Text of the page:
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Taste-buds are located primarily on the tongue, though they are also found throughout the lining of the mouth. Thus, the term "gourmet palate" is anatomically correct. Four types of taste receptors are located around the tongue. Sweet and salty tastes are best perceived at the tip and front-sides of the tongue. Sour receptors are located on the sides of the tongue, and bitter ones toward the back. You can use this knowledge to your advantage when introducing solid foods to infants. Since babies prefer sweet and/or salty foods, place these foods on the front of your infant's tongue so she can fully enjoy them. If your baby tends to reject the new tastes, place new foods toward the middle of the tongue where there are fewer taste receptors, and your baby's perceptions will be less intense. After experimenting with various foods on various areas of the tongue, you will discover which combinations work. The fact that the bitter taste buds are located at the back of the tongue may be an adaptive phenomenon for primarily plant-eating humans, since nutritious plants tend to be sweet and poisonous plants tend to be bitter. When intensely bitter plants touch the back of the tongue, they may trigger the gag reflex as a protective mechanism and be spit out.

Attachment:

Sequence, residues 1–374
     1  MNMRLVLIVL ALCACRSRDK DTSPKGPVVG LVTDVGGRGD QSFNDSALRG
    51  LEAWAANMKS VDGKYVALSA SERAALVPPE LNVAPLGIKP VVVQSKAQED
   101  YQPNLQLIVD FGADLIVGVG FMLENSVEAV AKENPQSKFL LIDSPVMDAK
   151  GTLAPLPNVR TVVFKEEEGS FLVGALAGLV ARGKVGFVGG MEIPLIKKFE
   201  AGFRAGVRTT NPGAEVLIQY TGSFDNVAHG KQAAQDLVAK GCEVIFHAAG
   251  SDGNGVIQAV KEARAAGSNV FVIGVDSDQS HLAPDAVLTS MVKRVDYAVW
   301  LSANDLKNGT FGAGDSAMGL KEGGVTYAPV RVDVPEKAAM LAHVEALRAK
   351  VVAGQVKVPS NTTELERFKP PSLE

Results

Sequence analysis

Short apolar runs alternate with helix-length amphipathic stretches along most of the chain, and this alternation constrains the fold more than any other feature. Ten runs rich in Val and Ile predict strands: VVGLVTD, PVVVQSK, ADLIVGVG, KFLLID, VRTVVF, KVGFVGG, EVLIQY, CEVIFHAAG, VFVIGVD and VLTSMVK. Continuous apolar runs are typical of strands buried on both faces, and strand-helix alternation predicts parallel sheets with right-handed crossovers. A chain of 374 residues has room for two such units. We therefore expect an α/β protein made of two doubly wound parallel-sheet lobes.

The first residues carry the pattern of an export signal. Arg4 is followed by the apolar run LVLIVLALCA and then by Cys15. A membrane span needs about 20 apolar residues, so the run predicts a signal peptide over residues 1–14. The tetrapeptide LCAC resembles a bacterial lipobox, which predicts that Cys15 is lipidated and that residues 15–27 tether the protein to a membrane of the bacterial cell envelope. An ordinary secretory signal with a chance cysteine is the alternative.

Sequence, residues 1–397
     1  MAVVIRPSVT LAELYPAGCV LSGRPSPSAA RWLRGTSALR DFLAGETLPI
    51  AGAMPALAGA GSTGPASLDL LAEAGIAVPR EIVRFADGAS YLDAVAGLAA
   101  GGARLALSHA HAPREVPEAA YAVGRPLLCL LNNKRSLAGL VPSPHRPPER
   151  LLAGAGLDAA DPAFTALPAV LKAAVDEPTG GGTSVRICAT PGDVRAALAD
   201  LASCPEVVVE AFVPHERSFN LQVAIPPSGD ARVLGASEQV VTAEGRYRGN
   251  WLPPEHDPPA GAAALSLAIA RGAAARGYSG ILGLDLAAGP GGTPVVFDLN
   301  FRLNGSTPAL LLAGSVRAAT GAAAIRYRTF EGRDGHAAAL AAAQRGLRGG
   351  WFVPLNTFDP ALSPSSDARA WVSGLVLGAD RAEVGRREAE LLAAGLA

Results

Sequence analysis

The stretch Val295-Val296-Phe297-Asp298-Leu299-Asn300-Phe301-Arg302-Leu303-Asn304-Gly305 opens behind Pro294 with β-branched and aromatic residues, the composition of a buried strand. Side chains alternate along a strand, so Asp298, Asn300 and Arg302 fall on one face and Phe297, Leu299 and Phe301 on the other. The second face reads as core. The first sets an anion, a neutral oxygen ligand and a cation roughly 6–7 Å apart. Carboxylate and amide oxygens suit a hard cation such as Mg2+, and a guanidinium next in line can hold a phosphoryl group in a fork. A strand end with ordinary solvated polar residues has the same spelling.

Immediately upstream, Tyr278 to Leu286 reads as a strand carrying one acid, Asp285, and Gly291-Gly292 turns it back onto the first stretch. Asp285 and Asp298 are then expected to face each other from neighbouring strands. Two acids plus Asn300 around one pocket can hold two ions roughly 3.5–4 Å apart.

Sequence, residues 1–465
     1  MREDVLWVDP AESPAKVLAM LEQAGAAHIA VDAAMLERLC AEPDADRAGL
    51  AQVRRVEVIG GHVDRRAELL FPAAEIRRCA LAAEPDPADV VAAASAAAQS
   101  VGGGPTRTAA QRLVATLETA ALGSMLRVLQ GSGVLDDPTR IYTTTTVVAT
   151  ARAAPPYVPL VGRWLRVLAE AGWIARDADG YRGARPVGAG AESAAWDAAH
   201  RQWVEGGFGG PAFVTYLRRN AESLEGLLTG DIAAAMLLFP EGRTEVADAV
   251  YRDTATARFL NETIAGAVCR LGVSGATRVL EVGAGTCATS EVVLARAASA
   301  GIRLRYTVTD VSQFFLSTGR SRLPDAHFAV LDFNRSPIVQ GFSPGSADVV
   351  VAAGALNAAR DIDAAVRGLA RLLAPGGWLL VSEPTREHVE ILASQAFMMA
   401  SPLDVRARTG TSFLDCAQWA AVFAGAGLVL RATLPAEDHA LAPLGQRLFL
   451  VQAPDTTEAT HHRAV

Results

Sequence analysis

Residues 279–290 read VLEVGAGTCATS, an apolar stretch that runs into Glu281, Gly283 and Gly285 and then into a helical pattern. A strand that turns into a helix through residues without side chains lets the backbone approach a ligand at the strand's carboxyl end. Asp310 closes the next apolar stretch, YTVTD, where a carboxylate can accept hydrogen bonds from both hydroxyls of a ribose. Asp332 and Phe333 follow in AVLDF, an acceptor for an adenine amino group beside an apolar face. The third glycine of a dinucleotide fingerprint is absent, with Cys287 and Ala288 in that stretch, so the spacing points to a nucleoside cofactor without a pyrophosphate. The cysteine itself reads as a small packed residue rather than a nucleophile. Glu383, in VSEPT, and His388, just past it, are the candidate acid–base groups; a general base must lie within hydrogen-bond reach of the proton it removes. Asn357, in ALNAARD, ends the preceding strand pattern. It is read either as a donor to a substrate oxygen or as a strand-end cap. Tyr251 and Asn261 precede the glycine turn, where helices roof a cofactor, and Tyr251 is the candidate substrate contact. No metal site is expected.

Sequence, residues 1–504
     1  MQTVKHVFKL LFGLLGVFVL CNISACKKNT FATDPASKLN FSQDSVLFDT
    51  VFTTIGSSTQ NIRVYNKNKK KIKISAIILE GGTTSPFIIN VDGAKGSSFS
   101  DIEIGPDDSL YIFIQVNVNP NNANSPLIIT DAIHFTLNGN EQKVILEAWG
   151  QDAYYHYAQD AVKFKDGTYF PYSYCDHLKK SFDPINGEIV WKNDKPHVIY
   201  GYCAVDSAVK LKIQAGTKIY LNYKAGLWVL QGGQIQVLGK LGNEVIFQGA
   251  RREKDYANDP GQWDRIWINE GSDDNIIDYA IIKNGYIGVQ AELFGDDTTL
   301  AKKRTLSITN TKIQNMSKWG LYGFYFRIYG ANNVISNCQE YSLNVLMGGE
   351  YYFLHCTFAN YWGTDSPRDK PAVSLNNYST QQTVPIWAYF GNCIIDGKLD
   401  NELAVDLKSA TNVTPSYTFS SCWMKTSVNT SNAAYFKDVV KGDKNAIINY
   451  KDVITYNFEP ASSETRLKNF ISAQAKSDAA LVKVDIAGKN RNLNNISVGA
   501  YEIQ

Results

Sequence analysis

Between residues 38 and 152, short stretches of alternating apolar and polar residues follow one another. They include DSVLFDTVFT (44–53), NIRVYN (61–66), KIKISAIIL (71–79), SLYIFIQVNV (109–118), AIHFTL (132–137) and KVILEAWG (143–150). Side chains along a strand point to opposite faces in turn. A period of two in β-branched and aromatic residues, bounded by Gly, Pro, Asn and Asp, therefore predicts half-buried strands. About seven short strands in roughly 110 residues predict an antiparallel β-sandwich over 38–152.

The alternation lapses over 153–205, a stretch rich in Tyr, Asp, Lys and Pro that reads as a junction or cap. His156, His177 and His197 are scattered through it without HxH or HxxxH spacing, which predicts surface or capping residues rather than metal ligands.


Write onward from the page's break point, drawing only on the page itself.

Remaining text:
Cold temperatures numb taste buds, which is why frozen yogurt tastes much sweeter when melted. To get your child to accept an unpleasant-tasting medicine, trick the taste buds by letting your child suck on a popsicle, ice, or anything cold just before giving the medicine. Salt dilutes sour tastes, which is why it is added to vinegar-containing dressings.
Taste buds change their preferences with age. While infants and young children prefer sweet foods in most cases, this young sweet tooth diminishes as a person ages.